How Many Bell Peppers Per Plant?

Bell peppers are some of the largest fruits of all pepper varieties. Pepper plants with larger fruit will produce fewer individual fruits. For example, jalapenos and habanero peppers yield 30-100 small fruits per plant depending on plant size. Pound for pound, bell peppers are comparable though the number of individual fruits is much fewer.


Standard Bell Pepper

A standard size bell pepper fruit is approximately three by four inches in size but will vary between fruits and plants. Examples of standard size bells include:

  • California Wonder
  • Gold Standard Yellow
  • Yankee Bell

The number of fruits each plant produces is highly dependent on the conditions of the plant. Plants exposed to stress from temperature, inconsistent watering, pest damage, or disease will not produce as many peppers. On average, standard bells produce 6-8 peppers per plant.

Miniature Bells

Bell peppers of every color are available in medium and miniature versions. These sweet and crunchy baby bells are every bit as delicious and nutritious as their larger siblings. Since they are miniature, each plant produces more fruits.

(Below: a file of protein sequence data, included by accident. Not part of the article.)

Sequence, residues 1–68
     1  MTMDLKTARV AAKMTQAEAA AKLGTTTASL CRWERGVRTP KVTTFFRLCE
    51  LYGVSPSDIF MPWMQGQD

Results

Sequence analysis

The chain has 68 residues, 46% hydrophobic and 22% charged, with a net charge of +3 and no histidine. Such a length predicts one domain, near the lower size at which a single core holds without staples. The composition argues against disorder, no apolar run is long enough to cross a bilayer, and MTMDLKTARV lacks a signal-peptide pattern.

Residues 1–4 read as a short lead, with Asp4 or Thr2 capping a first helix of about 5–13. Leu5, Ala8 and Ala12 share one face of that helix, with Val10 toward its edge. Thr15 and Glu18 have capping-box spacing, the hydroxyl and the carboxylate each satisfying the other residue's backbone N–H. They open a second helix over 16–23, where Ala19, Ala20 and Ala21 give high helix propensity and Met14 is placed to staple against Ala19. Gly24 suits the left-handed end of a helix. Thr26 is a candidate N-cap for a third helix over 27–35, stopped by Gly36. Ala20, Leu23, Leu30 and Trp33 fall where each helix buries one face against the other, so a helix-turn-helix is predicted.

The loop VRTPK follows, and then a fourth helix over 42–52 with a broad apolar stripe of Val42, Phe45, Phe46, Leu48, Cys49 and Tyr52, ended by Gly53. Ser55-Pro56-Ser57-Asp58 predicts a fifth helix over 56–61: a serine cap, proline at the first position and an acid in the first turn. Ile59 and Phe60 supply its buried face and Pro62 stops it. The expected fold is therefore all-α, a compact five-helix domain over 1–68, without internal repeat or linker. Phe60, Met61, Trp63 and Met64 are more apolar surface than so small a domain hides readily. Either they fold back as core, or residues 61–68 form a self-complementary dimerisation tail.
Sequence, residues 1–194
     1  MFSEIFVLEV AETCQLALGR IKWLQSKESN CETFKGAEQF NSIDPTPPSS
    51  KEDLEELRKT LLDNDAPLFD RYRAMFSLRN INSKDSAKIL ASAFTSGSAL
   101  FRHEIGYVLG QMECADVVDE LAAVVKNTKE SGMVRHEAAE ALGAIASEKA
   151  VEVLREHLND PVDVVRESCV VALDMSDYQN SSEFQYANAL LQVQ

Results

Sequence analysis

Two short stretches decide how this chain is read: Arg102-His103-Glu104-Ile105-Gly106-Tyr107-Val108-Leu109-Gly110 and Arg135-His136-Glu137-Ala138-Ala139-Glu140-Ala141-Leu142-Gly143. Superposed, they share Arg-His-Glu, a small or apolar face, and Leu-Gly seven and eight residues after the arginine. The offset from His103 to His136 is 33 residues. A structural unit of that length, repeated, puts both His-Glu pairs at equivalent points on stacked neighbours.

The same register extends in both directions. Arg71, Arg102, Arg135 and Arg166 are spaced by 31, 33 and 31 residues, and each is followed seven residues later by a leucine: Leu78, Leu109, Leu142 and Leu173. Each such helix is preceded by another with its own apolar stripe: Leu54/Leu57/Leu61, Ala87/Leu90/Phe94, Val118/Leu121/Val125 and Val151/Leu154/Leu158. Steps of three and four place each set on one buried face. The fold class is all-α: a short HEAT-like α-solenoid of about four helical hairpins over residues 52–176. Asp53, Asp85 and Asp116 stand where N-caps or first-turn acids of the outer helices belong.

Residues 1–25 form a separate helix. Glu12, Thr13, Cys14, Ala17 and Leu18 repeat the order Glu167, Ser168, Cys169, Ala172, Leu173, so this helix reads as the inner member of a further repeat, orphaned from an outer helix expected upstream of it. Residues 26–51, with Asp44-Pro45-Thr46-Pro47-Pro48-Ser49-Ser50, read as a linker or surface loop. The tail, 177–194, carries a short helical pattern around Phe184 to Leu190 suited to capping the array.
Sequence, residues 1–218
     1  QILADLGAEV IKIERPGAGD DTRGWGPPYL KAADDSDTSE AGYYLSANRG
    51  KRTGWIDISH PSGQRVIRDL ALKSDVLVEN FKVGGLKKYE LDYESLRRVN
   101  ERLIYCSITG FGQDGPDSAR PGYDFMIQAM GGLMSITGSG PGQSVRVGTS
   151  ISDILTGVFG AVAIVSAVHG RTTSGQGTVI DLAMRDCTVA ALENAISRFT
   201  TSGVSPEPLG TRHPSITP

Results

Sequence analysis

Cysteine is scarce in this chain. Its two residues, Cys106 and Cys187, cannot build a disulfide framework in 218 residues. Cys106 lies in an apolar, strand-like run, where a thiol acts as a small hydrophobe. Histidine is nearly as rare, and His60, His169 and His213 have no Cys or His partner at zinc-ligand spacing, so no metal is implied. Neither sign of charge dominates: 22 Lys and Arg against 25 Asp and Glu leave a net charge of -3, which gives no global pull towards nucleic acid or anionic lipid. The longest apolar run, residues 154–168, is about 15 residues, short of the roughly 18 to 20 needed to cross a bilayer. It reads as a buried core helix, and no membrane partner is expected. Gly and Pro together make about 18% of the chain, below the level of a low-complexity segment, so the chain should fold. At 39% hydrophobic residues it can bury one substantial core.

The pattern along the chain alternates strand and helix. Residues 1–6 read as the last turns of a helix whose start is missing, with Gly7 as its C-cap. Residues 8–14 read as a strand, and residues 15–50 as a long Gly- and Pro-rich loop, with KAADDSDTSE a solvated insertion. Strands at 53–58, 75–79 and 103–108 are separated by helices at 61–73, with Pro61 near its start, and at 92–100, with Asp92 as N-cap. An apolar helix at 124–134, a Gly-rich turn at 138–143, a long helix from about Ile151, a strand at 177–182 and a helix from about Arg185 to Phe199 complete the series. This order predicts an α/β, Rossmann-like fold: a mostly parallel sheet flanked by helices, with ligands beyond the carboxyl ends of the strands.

Medium sized bell peppers have fruits that are about three by three inches in size. Size reflects the number of fruits produced, so medium bell peppers may grow between 10 and 15 fruits.

Miniature bell pepper fruits are about two by two inches in size. These are bite-sized bells. Plants can be very productive pumping out dozens of small fruits.

Encouraging More Production

Healthy plants grow lots of healthy fruit. Encourage your plants to produce more by keeping them healthy. Two key factors in growing healthy peppers are water and temperature. Water consistently and frequently, drip irrigation on a timer is the best option.

Give pepper plants two inches of water per week and adjust for natural precipitation. Do not let the soil dry out completely, but also do not keep it wet. A dampness is what you trying to achieve.

Keep pepper plants between 65-80°F (18-26°C) for best results. If your climate does not allow for this type of dependability, consider growing peppers in a greenhouse or polytunnel.

Sometimes pepper plants do not produce the amount of fruit we expect. Investigate and figure out a solution to this problem. Many gardeners find that hand pollinating their peppers can vastly improve yield.

Pepper flowers are typically self-pollinating, but occasionally it takes a slight jostle from wind or an insect to knock the pollen from the stamen to the pistil. Plants grown indoors are particularly susceptible to low pollination.

Inspect your plants for signs of yellowing, leaf curling, slow or stopped growth, blossoms dropping but no fruit, or wilting. These are signs of stress, deficiency, or disease.